The table also has a slightly disconcerting look to it. I saw that Plymouth lost and we were six points clear of third, but it was Bristol Rovers and not the Pigrims sitting behind us. Rovers, unusually for a form team in this division, have managed to penetrate the top three. A few times this year we’ve seen teams move threateningly up the table only to fall away; Portsmouth, Mansfield and Accrington. As a result, we are six points from third, which is great, but also six points off fourth which is as it was before Barnet. While the win against Barnet was a good one, looking at the table you could say that because both teams behind us have a game in hand, there are two threats to our automatic promotion place rather than one.

The question, I suppose, is whether Plymouth and Rovers’ current trajectories permanent or temporary. Have Plymouth blown a gasket which they can’t recover from? Are Rovers going to do a Northampton and barely drop another point for the rest of the season? We know both are good teams; both very capable of going up automatically, but what we don’t know is whether there are two teams charging after us or one… or indeed, none. Easter will be telling.

Any other business

On Saturday morning I woke to a minor Twitter storm, Firoz Kassam had made a rare public appearance to talk about building a fourth stand. It opened old wounds – was Kassam a slum landlord and asset stripper or someone who just wasn’t very good at running a football club?

My view is that it’s was a bit of both. I think he started with intentions of making Oxford a successful club, look at the managers he brought in – Joe Kinnear, Ray Harford, Ramon Diaz, even Ian Atkins and Brian Talbot had lower league pedigree. And then there are some of his player purchases – Tommy Mooney, Andy Scott, Paul Moody – not wild successes with hindsight, but they were established players who cost money to bring in.

While he won major battles off the pitch, winning a war that had lasted decades to move the club, Kassam couldn’t make it work on the pitch. Backed into a corner, he simply gave up and went back to what he knew best; making money from desperate people with few choices.

Anyway, now he’s back talking about completing the stadium in his name. I’m fairly certain he would like to complete the stadium if he could make it viable, which I think is the key. Making it viable requires approval for his plan to build houses near the ground. Rather than returning like a benevolent uncle, I think he’s using the current good vibes around the club to stimulate interest in his house building project. To be honest, if it does end up with a fourth stand, then the methods he uses to get it done doesn’t both me at all.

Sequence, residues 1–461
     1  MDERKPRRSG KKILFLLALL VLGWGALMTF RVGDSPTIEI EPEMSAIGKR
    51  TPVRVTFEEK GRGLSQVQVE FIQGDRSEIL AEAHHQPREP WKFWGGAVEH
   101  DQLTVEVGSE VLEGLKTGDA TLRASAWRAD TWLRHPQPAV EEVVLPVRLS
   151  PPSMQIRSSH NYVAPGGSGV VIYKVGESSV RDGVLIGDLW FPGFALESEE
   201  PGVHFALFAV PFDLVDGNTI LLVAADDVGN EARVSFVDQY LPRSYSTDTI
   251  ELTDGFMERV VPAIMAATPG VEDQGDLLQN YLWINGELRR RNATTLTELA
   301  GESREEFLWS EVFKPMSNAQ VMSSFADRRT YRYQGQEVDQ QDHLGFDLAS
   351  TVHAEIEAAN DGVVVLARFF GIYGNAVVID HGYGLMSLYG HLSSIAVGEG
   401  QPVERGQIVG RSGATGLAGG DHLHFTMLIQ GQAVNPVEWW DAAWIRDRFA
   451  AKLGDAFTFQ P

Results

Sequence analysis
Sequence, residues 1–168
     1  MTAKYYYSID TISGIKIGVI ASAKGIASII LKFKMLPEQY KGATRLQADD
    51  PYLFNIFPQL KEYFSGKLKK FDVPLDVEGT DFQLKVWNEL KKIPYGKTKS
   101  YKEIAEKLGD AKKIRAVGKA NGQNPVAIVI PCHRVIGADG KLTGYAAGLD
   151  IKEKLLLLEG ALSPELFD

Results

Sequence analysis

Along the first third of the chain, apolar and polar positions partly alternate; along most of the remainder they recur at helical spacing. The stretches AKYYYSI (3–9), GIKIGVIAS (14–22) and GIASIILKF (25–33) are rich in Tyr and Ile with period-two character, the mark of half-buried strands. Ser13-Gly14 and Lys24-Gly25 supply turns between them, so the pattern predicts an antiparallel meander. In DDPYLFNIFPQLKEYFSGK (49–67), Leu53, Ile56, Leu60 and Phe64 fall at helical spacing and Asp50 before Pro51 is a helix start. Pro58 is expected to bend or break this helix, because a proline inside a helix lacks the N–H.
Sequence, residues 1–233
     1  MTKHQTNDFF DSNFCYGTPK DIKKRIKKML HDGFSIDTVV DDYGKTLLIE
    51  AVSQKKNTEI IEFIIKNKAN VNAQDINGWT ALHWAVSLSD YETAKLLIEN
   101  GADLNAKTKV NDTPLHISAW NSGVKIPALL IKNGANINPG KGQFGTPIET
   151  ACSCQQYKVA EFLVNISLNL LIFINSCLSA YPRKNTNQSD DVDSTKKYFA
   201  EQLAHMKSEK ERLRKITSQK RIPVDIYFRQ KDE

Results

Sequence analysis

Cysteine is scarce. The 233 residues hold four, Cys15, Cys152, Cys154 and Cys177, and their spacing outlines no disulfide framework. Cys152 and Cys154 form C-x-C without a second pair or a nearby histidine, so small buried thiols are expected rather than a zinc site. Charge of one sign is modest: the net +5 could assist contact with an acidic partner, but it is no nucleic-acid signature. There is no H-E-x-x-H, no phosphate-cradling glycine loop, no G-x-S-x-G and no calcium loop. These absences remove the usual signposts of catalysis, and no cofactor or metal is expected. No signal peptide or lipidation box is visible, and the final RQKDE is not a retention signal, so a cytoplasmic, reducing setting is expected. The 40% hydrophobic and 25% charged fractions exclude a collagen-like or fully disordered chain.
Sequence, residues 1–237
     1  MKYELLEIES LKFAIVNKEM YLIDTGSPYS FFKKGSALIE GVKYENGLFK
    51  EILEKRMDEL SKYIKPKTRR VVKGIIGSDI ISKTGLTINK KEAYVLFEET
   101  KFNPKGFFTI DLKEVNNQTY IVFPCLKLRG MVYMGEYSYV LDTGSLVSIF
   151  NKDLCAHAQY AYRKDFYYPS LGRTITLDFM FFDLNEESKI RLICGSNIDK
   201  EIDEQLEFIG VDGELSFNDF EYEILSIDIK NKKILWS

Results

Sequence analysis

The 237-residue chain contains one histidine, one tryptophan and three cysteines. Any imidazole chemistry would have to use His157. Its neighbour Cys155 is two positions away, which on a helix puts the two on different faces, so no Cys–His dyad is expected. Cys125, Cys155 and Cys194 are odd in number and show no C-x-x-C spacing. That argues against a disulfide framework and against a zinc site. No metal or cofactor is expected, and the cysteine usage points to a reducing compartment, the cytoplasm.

Torquay 1 Yellows 1

Peter Rhodes-Brown said on Thursday that he would be happy with 4 points from the two away games. Given that Burton come to the Kassam on the 18th, I would go as far as saying that 4 points from the three games would be acceptable, so a point against Torquay was a good start.

Not promotion form, that, of course – although going back to the Cambridge win, 10 points from 15 would be pretty good going… certainly play-off form, maybe even championship form. Of course there’s some catching up to do, but like last year there is evidence that from a slow start Darren Patterson maybe starting to instil some confidence in the team; although fitness, form and a lack of suspensions are helping too. Goes to show the benefit of thinking more long term.

Such number crunching has got me thinking about the impact a global recession might have on Oxford. First and foremost, of course, a small business in debt with few assets is seriously exposed. But football clubs are generally quite robust in recessionary times, firstly, because foreclosing on a football clubs’ debt has very bad PR connotations, plus, in Oxford’s case – what the hell will the creditors gain by doing it? And, because going to a game on a Saturday offers some relief from the gloom, income holds up quite well.

What’s more, the concept of an expensive family away day to a Premiership ground may well be sacrificed for something more local; which will help Oxford who have few rivals in the locality. With careful ticket pricing and local promotion, we could benefit. Although there is a gulf in the quality of football between the Premiership and Conference, the resultant entertainment is not that different. Phil Trainer slamming the ball in for £15 is better value for money than Frank Lampard doing it for £55. With money tight, £40 (plus travel, food etc) to watch Lampard strike the ball with a little more panache may not be great value for money.

As for buying the ground, Firoz Kassam holds all the cards. Investment in land has good long term prospects and he may be happy for it to rot. In time, when the market picks up, he could level the stadium and build houses, shops and offices on it (planning regulations permitting). In the short term his portfolio will be taking a fairly serious hit at the moment and he may well look to liquidate some of his assets.

The Kassam Stadium complex is a good asset to have; plenty of land, in an affluent area with good commuter links. But it’s a football ground and, unlike a retail unit, not many companies need football grounds. He may stubbornly fix the price, but the market he’s selling into has but one potential customer. He may choose to lower his price (or change the terms of the deal) so to gain some cash to invest in something distinctly more marketable elsewhere; like house or offices.

All speculation of course, but perhaps there are reasons to be cheerful, if we play it right, which is where Kelvin Thomas is most important.